Obviously, there's always going to be rivalries. I'll be honest - they make good games great, and great games legendary. The Red Sox and the Yankees met the first time back in 1901. They've played each other 1,771 times. The Yankees own the lead 993 - 778 (are my Sox really that far behind?!), thanks to what Red Sox fans have dubbed "The Curse". Year in and year out, it always seems like one of the two is a shoe - in to take the AL East and both are popular picks to make playoff runs the past few years.

How about the Green Bay Packers and the Chicago Bears? Two of the most historic teams in the NFL, and they always produce great games. Last year, the Packers lost three games - two of the losses coming against Chicago (who only manged five other wins).

New England and the Colts? It's almost always the biggest regular season game in the NFL, with the two powerhouses colliding. Last year was one of the best meetings between the two, with the 2006 AFC Championship game being perhaps the best game of football I've ever seen.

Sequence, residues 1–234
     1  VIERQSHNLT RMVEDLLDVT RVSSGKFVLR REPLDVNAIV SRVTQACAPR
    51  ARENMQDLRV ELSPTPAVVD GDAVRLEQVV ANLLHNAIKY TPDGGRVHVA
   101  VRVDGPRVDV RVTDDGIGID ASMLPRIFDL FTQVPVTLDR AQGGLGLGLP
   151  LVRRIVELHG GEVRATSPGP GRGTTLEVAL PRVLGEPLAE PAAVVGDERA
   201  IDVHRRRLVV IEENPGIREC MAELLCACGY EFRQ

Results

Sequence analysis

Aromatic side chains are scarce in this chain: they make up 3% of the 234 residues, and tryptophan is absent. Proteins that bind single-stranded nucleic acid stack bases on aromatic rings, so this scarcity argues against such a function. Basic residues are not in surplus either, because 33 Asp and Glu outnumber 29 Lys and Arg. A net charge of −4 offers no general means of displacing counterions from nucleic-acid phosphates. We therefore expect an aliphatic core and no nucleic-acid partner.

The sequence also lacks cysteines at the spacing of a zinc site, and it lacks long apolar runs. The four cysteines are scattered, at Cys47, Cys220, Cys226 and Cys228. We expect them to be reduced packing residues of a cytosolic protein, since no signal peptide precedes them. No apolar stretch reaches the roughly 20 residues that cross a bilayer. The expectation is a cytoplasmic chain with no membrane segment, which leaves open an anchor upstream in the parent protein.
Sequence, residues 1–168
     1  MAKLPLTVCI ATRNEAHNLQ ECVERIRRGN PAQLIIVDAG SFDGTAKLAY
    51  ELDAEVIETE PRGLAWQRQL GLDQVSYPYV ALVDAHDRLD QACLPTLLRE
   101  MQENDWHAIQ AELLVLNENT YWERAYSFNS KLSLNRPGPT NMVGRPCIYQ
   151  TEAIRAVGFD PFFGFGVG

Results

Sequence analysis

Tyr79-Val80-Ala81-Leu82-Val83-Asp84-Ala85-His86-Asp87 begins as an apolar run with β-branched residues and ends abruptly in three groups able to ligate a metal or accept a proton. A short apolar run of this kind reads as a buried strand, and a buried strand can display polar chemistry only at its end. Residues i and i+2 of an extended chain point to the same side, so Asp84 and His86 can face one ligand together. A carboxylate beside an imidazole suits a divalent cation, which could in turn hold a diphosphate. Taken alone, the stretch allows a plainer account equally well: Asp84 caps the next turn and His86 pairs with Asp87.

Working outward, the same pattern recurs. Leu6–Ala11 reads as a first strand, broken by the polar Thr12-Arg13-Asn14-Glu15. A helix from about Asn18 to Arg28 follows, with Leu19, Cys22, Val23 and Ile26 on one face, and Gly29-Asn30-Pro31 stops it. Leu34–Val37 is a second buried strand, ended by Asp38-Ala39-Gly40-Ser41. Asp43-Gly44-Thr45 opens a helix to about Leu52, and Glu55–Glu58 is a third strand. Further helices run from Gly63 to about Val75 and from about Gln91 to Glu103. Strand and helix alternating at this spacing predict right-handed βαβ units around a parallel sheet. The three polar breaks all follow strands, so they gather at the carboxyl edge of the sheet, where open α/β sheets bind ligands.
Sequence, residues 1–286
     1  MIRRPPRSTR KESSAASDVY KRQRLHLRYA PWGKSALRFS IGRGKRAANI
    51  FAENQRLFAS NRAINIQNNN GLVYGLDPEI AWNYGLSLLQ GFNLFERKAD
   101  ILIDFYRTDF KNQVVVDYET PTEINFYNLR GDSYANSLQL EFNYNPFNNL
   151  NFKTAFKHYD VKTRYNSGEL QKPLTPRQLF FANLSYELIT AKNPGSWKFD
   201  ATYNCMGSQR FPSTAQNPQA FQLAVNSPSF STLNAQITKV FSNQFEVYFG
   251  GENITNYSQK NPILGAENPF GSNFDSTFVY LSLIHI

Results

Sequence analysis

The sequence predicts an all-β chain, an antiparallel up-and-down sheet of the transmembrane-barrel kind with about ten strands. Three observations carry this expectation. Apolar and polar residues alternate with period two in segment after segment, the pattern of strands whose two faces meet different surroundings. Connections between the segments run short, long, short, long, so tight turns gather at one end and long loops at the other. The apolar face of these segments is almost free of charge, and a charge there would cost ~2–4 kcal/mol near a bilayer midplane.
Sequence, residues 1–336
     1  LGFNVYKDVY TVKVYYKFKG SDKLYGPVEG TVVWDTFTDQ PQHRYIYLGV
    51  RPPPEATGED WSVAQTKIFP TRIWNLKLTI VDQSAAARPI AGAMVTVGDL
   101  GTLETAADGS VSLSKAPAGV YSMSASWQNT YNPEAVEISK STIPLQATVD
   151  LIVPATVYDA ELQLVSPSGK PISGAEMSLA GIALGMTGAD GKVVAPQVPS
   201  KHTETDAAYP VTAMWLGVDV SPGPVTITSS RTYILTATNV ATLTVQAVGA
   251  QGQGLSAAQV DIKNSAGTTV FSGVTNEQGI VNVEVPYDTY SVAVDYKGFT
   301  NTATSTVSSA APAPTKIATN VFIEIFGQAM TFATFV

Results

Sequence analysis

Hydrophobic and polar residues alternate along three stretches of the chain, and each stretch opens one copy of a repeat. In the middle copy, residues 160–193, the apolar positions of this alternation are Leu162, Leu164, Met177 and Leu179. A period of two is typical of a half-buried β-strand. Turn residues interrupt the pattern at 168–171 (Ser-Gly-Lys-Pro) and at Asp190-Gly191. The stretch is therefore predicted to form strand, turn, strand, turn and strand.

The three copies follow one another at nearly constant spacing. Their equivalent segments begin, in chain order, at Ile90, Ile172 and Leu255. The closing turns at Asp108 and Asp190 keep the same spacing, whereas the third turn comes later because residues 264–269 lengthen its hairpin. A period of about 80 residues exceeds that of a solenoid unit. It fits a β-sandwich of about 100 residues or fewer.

How about the Lakers and the Celtics? The rivalry was revisited this past year, when the Celtics went from one of the worst teams in NBA to the best. The Lakers had the league's best player in Kobe Bryant. A legendary player vs a legendary team. It's almost as good as the games between the two teams from the 80s.

In college, how about Alabama and Auburn? Duke and North Carolina? One of the most famous rivalries ever between Michigan and Ohio State?


Obviously, we can't eliminate the rivalries. Even if we broke up the current competitions, new ones would form between the powerhouses that fans empty their wallets to see and the teams that just play frequently. Plus, why would we want to remove that history? We wouldn't, of course. It'd be madness.


However, why can't we get rid of the anger? The hatred? That sour feeling you get when you see a guy walk into the restaurant wearing a jersey from the other team? In 2000, Lakers fans started bonfires and then riots following a victory over the Pacers. They destroyed people's vehicles and other possessions. There was a brawl in 2004 between Pistons and Pacers fans. How about the competitors? Tonya Harding had her significant other assault Nancy Kerrigan to prevent her from competing. This year, a Taekwando Champion kicked a referee in the head.